During the debate on the Queens Speech, Brooks Newmark questions comparisons being made between the economies of the UK and Germany when Germany is already coming out of recession.
Mr. Brooks Newmark (Braintree) (Con): Unfortunately, I do not think the right hon. Member for Rotherham (Mr. MacShane) did answer the question. The reason why Australia and Canada's institutions have fared better is that they did not have the same lending policies as ours: their debt ratios were much lower and they did not have aggressive policies on lending to the housing sector. The hon. Member for Middlesbrough (Sir Stuart Bell) refers to Germany, but that country is already coming out of recession, as is France. Why is the UK not following suit?
Sir Stuart Bell: I am happy to respond to that intervention. The hon. Gentleman makes a valid point about the debt ratio. We moved into a position-light-touch regulation has been mentioned-where debt became easy and available. The sub-prime mortgage market in the United States, which was the original cause of the economic downturn, enabled house ownership to increase from 55 to 65 per cent., and everyone welcomed that. Everyone welcomed the situation where the debt ratio was going up and up; no one saw that, like a rocket, it would have to come down.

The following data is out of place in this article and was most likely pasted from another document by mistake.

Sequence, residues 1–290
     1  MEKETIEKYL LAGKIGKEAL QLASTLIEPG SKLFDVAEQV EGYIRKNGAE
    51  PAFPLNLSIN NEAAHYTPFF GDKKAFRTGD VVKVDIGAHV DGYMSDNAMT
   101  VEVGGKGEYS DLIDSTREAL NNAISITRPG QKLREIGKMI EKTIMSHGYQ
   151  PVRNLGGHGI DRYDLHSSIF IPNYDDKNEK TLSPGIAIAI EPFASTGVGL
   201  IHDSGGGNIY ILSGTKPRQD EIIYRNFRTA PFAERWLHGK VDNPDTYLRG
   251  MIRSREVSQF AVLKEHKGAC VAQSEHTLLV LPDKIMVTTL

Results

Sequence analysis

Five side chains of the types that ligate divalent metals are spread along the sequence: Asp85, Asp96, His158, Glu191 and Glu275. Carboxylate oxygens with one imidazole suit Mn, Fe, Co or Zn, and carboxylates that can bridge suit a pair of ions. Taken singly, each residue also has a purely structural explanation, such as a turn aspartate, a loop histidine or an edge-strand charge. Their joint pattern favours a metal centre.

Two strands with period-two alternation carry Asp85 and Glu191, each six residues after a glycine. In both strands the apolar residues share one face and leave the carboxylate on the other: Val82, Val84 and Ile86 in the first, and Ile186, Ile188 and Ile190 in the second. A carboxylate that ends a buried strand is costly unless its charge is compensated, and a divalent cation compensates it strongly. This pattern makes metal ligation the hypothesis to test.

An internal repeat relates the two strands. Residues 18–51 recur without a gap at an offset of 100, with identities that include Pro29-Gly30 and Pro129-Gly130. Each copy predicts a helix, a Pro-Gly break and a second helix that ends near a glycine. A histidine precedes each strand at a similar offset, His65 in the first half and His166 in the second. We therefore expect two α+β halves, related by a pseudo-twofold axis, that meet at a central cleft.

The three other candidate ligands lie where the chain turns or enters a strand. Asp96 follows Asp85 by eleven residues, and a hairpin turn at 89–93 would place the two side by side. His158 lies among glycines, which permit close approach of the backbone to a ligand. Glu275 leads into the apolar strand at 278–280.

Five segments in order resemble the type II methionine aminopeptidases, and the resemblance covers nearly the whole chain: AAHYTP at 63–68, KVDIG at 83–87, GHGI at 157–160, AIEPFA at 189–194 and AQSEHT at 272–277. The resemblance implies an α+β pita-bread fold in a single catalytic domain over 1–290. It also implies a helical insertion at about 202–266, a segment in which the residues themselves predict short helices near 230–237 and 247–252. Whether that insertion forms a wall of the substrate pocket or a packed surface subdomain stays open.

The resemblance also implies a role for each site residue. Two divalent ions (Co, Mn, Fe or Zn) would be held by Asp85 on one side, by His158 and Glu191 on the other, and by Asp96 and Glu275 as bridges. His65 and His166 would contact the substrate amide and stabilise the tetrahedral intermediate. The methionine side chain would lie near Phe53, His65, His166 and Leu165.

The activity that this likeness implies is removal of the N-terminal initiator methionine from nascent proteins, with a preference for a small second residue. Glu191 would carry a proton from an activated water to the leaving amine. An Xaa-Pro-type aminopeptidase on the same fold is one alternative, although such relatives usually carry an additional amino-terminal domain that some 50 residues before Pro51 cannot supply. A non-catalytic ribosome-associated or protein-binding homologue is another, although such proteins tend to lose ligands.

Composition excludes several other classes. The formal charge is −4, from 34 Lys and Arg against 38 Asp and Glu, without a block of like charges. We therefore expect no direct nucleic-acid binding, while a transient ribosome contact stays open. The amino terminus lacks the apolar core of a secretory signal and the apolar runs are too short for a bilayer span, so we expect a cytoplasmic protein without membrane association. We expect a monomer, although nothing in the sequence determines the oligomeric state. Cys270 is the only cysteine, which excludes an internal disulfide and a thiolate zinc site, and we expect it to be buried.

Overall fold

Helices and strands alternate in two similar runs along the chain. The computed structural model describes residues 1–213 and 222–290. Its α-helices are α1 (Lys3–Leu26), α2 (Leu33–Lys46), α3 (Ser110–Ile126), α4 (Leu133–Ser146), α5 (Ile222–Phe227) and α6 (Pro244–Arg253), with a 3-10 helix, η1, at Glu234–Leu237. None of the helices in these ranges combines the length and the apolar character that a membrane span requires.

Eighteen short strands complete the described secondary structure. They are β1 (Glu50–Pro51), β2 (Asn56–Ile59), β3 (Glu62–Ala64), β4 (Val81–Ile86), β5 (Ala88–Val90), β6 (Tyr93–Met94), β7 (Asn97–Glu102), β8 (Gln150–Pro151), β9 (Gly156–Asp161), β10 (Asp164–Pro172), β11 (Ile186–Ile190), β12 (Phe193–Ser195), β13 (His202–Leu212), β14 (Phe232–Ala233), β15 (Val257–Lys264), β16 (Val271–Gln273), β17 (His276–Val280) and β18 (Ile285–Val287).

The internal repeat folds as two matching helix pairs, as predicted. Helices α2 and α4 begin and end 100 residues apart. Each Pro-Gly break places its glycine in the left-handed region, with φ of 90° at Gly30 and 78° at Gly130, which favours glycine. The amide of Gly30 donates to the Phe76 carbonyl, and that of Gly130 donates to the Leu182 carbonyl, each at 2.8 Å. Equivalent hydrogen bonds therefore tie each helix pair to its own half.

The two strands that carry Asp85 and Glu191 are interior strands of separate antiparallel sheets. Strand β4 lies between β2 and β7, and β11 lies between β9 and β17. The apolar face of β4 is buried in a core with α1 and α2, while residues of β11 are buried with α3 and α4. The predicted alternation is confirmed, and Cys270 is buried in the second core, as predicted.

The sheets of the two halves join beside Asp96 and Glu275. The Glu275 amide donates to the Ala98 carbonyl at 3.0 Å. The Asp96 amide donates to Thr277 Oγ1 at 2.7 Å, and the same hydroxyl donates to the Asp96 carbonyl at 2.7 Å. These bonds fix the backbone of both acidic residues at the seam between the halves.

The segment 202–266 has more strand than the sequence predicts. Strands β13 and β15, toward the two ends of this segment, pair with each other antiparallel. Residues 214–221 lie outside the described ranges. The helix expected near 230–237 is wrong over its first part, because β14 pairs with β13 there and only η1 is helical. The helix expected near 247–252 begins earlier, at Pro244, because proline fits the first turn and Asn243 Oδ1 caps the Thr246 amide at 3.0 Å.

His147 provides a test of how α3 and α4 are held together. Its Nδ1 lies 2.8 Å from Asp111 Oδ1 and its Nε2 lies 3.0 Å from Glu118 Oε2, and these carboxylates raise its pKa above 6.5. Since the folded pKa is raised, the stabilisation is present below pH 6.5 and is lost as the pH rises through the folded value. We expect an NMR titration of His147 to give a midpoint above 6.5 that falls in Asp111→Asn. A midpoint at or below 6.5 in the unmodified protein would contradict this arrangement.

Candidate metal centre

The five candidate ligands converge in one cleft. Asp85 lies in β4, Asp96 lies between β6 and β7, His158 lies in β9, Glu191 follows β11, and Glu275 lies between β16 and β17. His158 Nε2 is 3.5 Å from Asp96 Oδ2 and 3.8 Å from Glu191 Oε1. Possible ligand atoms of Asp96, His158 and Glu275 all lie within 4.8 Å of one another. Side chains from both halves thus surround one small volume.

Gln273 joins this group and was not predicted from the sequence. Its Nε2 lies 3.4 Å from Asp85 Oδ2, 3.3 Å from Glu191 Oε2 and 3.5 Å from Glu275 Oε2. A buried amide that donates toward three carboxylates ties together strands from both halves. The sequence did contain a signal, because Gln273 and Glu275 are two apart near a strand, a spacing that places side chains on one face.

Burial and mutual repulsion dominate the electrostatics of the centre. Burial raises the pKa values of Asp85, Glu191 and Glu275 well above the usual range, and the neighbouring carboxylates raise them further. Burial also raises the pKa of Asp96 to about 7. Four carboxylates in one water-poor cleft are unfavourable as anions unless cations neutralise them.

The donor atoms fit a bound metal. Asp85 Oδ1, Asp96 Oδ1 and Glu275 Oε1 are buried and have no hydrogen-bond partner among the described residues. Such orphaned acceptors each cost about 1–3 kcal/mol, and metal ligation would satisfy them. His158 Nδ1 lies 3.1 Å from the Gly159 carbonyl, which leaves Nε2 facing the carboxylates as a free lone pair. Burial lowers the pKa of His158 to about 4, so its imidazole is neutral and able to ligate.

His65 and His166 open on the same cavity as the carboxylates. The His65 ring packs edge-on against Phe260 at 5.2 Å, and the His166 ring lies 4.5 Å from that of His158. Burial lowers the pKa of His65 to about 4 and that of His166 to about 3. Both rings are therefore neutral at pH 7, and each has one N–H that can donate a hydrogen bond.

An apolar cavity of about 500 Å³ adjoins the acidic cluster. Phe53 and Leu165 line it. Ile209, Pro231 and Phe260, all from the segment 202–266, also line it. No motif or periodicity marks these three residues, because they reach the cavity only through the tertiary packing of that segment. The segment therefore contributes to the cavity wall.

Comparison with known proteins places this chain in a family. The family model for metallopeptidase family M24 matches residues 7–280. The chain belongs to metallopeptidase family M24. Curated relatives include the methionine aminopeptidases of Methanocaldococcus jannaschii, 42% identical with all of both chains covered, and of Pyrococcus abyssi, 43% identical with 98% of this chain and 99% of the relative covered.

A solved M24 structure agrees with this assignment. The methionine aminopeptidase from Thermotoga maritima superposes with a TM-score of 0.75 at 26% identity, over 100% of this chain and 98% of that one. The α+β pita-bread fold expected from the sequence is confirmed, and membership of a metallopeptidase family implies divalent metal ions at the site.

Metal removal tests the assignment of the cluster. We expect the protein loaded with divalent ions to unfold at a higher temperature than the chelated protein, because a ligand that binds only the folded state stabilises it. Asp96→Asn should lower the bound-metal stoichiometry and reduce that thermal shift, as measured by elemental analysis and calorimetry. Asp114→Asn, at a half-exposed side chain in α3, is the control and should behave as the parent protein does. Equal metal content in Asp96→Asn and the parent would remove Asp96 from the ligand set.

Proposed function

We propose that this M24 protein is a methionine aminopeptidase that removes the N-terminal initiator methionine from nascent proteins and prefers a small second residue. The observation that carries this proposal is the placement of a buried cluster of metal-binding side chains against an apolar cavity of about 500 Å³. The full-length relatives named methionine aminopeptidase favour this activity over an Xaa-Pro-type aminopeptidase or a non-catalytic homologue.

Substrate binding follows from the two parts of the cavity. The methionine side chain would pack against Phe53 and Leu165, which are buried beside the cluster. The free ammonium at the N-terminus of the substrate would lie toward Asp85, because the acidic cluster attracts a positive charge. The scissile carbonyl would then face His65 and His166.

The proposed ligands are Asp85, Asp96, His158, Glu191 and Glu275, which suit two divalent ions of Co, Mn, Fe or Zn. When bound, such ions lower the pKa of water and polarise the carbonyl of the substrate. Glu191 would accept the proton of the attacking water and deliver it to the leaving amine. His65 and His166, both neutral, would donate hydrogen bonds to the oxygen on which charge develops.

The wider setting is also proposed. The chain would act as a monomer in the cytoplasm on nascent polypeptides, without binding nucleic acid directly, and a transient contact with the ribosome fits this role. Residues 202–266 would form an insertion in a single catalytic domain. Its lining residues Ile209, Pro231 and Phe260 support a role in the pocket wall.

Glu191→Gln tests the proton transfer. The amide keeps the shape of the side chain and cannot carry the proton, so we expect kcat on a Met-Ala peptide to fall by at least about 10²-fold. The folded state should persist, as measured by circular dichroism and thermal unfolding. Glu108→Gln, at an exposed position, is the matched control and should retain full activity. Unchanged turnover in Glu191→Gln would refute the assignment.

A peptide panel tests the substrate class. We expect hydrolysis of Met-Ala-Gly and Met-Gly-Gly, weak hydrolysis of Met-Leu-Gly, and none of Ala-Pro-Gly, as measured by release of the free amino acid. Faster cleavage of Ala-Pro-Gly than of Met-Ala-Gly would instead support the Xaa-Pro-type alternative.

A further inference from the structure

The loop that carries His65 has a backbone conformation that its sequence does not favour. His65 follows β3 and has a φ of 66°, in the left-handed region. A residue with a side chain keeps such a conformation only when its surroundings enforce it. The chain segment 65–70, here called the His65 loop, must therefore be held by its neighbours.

As for comparisons with Germany and France and comparative rates of growth, or lack thereof, even the Bank of England in its inflation report declared that evidence from business surveys and the pattern of past revisions-in this case, of the forecast for the third quarter from the Office for National Statistics-showed that its minus 0.4 per cent. estimate was likely to be revised upward. When that revision takes place, as it will, the hon. Gentleman will see that we are, in fact, in line with the French and the Germans and, essentially, with the eurozone.